As for where Austrocheirus may fit into the grand scheme of things, this paper places it somewhere near the bottom of the abelisaur family tree, closely allied to the recently described non-abelisaur Limusaurus. One of the reasons Limusaurus, a small Chinese herbivorous theropod of the Jurassic, made a splash last year was for its unique hand format. Apropos to this new discovery, Limusaurus possessed a more reduced hand which seemed to fit in well with its abelisaur relatives. Austrocheirus muddies the waters a bit here with its relatively more robust hands; it suggests that rather than being a shared adaptation, the hands of abelisaurs and of Limusaurus were coincidentally similar. Hopefully new discoveries will clear up this tangled little knot of the theropod family tree.

Tuesday, May 11, 2010

Indiana University Press Spring Sale

Image from IU Press.

Quick heads up: my local university's press is having a spring sale, with discounts of up to 80%, and free domestic shipping on orders of $25 or more. Click on over to Indiana University Press to check out the selection. Here's a shortcut to the paleontology titles included in the promotion, including the above title by Fernando E. Novas. The sale lasts until June 30.

If living dinosaurs are your special interest, and you happen to live in Indiana, this title is a ridiculously good deal.


There's only one reason that I own a Molly Hatchet record: the epically badass Frank Frazetta artwork on the cover far outclasses the riffery in the grooves. In truth, few bands can live up to the power of Frazetta's work. He passed away yesterday at 82.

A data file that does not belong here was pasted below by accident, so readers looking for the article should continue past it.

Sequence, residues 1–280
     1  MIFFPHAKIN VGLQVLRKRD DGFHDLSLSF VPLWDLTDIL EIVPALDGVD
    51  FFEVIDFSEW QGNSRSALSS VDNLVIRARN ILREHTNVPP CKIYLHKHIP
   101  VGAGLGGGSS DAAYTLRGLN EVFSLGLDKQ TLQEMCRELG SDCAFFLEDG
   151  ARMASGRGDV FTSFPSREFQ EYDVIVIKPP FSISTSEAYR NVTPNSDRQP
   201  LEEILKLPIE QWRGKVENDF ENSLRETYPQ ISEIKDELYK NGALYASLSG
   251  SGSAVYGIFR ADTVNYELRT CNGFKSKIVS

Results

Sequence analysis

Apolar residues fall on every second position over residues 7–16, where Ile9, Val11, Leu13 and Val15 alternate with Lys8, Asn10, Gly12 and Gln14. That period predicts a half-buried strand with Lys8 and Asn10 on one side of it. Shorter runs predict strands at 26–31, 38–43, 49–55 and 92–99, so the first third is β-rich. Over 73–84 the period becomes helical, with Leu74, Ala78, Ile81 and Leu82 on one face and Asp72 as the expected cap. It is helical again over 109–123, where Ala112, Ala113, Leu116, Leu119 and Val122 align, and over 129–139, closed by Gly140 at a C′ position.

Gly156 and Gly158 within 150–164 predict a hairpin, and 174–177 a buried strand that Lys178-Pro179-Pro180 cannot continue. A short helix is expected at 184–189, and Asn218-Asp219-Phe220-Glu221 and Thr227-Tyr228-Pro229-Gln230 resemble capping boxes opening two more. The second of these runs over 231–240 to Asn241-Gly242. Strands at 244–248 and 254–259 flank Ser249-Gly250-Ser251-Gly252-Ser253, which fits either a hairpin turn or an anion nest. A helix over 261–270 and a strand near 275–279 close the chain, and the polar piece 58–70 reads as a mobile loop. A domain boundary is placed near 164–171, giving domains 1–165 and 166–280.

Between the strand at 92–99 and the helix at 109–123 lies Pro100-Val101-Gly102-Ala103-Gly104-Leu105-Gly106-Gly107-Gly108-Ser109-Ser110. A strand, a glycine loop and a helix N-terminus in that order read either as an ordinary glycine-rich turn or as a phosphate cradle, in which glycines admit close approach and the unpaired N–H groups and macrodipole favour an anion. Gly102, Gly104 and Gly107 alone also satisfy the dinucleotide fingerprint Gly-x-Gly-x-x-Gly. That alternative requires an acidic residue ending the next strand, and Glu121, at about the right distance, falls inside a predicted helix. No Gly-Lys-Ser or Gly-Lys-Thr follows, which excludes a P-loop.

Here is his 1969 painting Tyrannosaurus rex.

From here. Frazetta gellery here.

Monday, May 10, 2010

Heinz Age of Dinosaurs

In 1980, the Heinz company upped the ante in their endless war against Chef Boy-ar-dee by pulling in the big guns: dinosaurs. Here's a 1980 advertisement for a special offer from Heinz Spaghetti Hoops and Noodle Doodles.

Heinz Age Of The Dinosaurs Ad 1980
Image from combomphotos, via flickr.

Looks like a pretty good deal. I especially like the gaping maw of that T. rex, virtually begging to be filled with delicious Noodle Doodles, a ravenous hunger that even the Chicxulub asteroid impact couldn't extinguish.

This, of course, leads to the question: anyone have one of these wall charts?

Friday, May 7, 2010

Vintage Dinosaur Art: Aurora Model Kits

In the early 1970's, the Aurora company struck gold with their "Prehistoric Scenes" model kits of dinosaurs and other ancient beasts. There's a tribute site to the model kits, run by a fellow named Ian, located here. The images below come from the site; there is a wealth of background information, images, and even original kits for purchase. The site is very 1.0, but that's no deterrent if the content is cool.

Image from Aurora Prehistoric Scenes